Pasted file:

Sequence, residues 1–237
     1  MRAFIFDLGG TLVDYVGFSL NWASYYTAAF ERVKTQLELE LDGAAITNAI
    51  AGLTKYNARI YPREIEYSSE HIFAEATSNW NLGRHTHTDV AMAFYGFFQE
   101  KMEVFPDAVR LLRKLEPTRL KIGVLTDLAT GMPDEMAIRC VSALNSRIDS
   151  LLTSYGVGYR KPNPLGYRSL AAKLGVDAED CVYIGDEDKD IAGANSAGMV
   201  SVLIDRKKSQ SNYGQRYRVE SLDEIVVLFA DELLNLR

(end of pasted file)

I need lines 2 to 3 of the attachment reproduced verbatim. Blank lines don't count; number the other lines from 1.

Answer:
     1  MRAFIFDLGG TLVDYVGFSL NWASYYTAAF ERVKTQLELE LDGAAITNAI
    51  AGLTKYNARI YPREIEYSSE HIFAEATSNW NLGRHTHTDV AMAFYGFFQE